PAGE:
I have been back to the Cemitério do Alto de São João many times since that first visit, but have never been able to persuade my wife to accompany me. Ironically she shares the common Catholic antipathy to cremation and insists that when her time comes, she must be decently buried. In a cemetery, of course. Death reconciles us with everything, it seems, even coimetrophobia.


Self portraitBorn in the north of England, David Bingham has been living in London for 35 years. He loves the city and its history, especially the cemeteries. He is married to a Portuguese coimetrophobe and they have two teenage girls. They have a house in Portugal and one day plan to split their time between Lisbon and London.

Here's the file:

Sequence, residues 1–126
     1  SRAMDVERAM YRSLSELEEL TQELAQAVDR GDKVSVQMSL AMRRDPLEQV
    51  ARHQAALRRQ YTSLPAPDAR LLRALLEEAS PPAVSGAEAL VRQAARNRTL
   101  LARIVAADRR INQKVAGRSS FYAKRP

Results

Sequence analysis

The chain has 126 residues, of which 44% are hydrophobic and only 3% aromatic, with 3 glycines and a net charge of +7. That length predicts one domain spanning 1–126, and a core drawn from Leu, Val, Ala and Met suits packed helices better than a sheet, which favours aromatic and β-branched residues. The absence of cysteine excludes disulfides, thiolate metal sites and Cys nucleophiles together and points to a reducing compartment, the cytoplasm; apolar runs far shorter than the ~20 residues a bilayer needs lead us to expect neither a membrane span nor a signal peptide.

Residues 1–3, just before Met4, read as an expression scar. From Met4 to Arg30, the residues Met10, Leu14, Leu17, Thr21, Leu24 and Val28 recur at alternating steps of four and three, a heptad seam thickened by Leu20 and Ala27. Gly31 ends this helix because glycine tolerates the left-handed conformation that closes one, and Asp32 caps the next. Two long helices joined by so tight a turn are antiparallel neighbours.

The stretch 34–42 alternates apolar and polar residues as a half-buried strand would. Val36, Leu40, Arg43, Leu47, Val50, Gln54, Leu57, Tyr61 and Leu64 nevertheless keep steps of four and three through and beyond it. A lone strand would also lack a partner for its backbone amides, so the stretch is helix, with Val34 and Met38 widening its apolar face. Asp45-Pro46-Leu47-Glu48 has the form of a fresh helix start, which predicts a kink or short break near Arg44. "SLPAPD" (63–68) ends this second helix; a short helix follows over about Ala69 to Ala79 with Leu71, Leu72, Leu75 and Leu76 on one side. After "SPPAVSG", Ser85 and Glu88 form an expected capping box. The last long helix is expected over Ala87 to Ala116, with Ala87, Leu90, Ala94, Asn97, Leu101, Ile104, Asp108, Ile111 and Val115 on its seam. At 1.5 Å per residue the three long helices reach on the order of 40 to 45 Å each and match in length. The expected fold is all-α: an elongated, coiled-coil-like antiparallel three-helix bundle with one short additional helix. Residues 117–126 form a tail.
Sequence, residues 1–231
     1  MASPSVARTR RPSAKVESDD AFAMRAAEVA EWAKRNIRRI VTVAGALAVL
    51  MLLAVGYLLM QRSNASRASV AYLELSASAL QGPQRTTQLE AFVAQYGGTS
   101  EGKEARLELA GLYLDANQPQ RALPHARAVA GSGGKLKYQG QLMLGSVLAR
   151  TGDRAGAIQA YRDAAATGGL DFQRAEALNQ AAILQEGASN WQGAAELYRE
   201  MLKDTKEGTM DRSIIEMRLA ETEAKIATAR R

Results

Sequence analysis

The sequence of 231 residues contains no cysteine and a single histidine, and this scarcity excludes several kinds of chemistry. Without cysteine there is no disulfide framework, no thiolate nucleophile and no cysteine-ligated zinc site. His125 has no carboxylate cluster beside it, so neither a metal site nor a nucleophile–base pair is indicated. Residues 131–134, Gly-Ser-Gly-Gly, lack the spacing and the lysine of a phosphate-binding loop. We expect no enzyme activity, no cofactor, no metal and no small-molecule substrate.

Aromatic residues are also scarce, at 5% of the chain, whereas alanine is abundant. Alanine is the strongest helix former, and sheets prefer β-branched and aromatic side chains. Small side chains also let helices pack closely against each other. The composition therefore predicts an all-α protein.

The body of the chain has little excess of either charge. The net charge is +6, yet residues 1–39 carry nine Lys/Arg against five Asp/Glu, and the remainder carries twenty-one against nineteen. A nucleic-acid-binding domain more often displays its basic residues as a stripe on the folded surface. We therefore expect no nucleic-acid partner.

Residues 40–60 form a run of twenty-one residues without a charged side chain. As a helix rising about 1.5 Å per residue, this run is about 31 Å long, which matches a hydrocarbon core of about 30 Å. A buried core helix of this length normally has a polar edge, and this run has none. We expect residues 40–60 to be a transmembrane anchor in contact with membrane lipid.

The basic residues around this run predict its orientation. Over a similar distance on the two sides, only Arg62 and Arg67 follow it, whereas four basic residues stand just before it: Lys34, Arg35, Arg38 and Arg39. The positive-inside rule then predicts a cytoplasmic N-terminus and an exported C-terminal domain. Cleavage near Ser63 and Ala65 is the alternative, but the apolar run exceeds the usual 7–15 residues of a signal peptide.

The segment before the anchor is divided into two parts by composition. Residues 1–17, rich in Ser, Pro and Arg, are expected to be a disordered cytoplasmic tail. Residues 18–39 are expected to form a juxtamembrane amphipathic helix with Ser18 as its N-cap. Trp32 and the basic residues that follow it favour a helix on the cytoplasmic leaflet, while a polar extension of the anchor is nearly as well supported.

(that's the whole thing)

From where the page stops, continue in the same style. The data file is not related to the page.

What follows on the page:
David started The London Dead three years ago as a way of sharing his fascination with the stories he discovered in the cemeteries and churchyards of London. One day, when he finally rids himself of work commitments — and the girls don’t require chauffeuring and chaperoning somewhere virtually every evening and weekend — he will start a blog called The Lisbon Dead.


Death's Garden001About the Death’s Garden project:

For the next year, I’m planning to put a cemetery essay up every Friday. If there is a cemetery that has touched your life, I would love to hear from you, particularly if there is one you visited on vacation — or if you got married in one. The submissions guidelines are here.